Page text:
Cycle of abuse stemming from residential schools to be discussed at Truth and Reconciliation events at UFV
An archival photo of the St. Mary's residential school for First Nations children in Mission.
Photograph by: Mission Community Archives, Mission Historical Society
As a child, Vancouver Aboriginal educator Dallas Yellowfly recalls hearing the story of a wild woman who lurks in the forest ready to snatch children.
It’s a traditional First Nations story used to discourage children from wandering. Sadly, it’s more than allegorical.
In a very real way, it came to pass, when an estimated 150,000 First Nations children were ripped from families, sent to residential schools, stripped of their language and culture and often abused.
“The story of the wild woman is the segue into the real story of the Indian agents who would take children to residential schools,” Yellowfly explained.
On Wednesday, the public school cultural facilitator will re-enact that story at the University of the Fraser Valley’s Indian Residential Schools Day of Learning. His presentation includes a theatre piece, “Qualena”, plus testimony from two survivors of St. Mary’s residential school in Mission — Cyril Pierre and Joe Ginger — detail the abuse they endured and what they’ve had to go through for compensation.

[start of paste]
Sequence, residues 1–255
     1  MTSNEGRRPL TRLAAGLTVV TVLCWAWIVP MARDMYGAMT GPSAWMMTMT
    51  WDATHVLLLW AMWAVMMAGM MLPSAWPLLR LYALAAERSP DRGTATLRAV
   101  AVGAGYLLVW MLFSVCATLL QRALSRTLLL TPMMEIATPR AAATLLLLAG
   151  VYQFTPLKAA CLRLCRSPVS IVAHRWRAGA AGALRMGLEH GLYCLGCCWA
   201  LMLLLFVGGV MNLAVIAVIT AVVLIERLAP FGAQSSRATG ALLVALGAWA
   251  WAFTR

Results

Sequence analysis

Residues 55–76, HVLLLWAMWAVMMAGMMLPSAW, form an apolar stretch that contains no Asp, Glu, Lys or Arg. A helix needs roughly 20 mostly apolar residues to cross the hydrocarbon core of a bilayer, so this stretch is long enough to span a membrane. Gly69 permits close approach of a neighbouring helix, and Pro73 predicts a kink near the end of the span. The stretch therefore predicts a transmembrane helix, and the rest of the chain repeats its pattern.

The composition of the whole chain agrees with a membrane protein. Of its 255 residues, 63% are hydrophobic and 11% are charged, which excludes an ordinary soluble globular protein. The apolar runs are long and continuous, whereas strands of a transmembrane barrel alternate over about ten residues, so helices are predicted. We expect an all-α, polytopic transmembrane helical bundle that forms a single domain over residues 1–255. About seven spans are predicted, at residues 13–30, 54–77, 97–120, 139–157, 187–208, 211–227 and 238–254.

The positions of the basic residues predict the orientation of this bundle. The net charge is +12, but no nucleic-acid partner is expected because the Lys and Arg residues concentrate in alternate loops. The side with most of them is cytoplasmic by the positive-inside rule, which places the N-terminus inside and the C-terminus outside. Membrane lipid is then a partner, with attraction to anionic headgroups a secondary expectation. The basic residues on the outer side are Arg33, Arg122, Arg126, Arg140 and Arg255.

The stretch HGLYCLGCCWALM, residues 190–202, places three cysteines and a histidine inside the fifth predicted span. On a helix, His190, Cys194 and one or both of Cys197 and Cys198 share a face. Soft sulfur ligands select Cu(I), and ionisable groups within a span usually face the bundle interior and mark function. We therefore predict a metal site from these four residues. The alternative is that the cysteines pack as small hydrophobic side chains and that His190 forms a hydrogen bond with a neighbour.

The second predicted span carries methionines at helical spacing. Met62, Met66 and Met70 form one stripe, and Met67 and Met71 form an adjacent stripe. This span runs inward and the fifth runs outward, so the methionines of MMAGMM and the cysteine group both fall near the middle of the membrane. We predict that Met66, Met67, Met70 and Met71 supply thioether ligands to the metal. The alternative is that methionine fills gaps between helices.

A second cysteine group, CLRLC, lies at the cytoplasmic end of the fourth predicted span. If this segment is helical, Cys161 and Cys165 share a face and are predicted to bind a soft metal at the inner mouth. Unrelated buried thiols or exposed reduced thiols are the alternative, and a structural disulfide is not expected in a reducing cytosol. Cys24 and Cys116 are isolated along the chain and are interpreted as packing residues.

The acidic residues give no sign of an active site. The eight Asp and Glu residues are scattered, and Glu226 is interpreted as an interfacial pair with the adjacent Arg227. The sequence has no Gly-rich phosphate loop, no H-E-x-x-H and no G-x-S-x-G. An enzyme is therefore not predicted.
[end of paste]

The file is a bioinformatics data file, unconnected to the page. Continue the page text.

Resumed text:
Yellowfly knows firsthand how that trauma persists today.
His father, an Albertan of Blackfoot heritage, was sent to residential school at age six. The experience scarred him and he turned to substance abuse and crime. Yellowfly’s mother, a criminology student, met his father while he was in prison. They married and had Dallas, but his father hit him as an infant so his mother severed ties.
Yellowfly healed his wounds by learning about his culture and teaching the legacies of residential schools.
“It’s creating this horrible cycle of abuse,” said the UFV graduate. “There are generations of broken families disconnected from their culture and traditions and ashamed of who they are.”
UFV’s program runs at the Abbotsford, Chilliwack and Mission and Hope campuses, and is free and open to the public.
UFV Indigenous Studies professor Wenona Victor said in a statement the university had a responsibility to engage.
“There is a misconception out there that this is only First Nations history. It is part of Canadian history,” Victor said.
More than 130 residential schools operated across Canada from 1875 to 1996. Two were in the Fraser Valley: Coqualeetza in Chilliwack and St. Mary’s in Mission.
The UFV event coincides with the national Truth and Reconciliation Commission at the Pacific National Exhibition Sept. 18-21. That four-day event is an opportunity for survivors to share experiences.
For a schedule of UFV events visit: UFV.ca/day-of-learning
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